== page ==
Famous Geysers in Yellowstone
Some of Yellowstone’s most famous geysers and other thermal features are in the western part of the park. 50 miles (80 km) north of Old Faithful is a place called Mammoth Hot Springs. Most of them can be found in the Upper Geyser, Midway Geyser, and Lower Geyser basins, which are about 10 miles (16 km) north of Old Faithful. One of them is the Giantess Geyser at Old Faithful. It only erupts every two to six months.
The deep blue Morning Glory Pool in the Upper Geyser Basin and the Excelsior Geyser in the Midway Geyser Basin, which doesn’t erupt very often but spews hundreds of gallons of hot water every minute when it does. In the Lower Geyser Basin, the Fountain Paint Pots have pink, plopping mud geysers, fumaroles, and a blue hot spring lake.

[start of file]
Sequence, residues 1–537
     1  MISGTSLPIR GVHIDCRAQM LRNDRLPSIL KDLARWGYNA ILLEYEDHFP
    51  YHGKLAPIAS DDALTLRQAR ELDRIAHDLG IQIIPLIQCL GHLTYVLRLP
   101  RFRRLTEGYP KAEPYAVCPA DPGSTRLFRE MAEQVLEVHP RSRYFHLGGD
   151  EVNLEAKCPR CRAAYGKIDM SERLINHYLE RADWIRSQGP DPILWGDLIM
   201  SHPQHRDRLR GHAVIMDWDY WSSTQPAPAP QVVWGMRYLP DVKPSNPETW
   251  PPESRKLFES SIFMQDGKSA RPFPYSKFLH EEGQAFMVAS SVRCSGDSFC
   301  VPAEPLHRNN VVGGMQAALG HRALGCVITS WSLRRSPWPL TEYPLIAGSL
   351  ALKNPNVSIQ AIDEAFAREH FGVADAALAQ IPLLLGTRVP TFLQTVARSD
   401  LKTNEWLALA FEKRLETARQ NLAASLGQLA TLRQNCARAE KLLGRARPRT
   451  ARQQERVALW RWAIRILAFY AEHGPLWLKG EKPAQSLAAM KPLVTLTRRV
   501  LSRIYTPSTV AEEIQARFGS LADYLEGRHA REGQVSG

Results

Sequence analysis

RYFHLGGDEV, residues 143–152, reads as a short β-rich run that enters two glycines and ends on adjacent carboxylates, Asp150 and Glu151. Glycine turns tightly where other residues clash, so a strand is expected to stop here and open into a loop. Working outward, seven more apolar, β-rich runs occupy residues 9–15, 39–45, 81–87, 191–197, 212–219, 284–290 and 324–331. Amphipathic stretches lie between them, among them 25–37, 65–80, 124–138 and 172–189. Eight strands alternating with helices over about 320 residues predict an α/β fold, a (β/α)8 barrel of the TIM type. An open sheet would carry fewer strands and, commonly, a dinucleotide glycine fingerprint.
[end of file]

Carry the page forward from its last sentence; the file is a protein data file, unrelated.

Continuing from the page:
About half way between the southern hydrothermal area and Mammoth Hot Springs is the Norris Geyser Basin. It is famous for having some of the world’s hottest and most acidic hydrothermal features. as well as Steamboat Geyser. It is the highest geyser in the world and can shoot water up to 300 feet in the air (90 meters).
Hundreds of hot springs have left behind travertine, which is made of calcium carbonate, on the side of a mountain near Mammoth Hot Springs. The Angel Terrace and the colorful Minerva Terrace are both well-known rock formations. They are made of white granite that has been stained in many places by living things.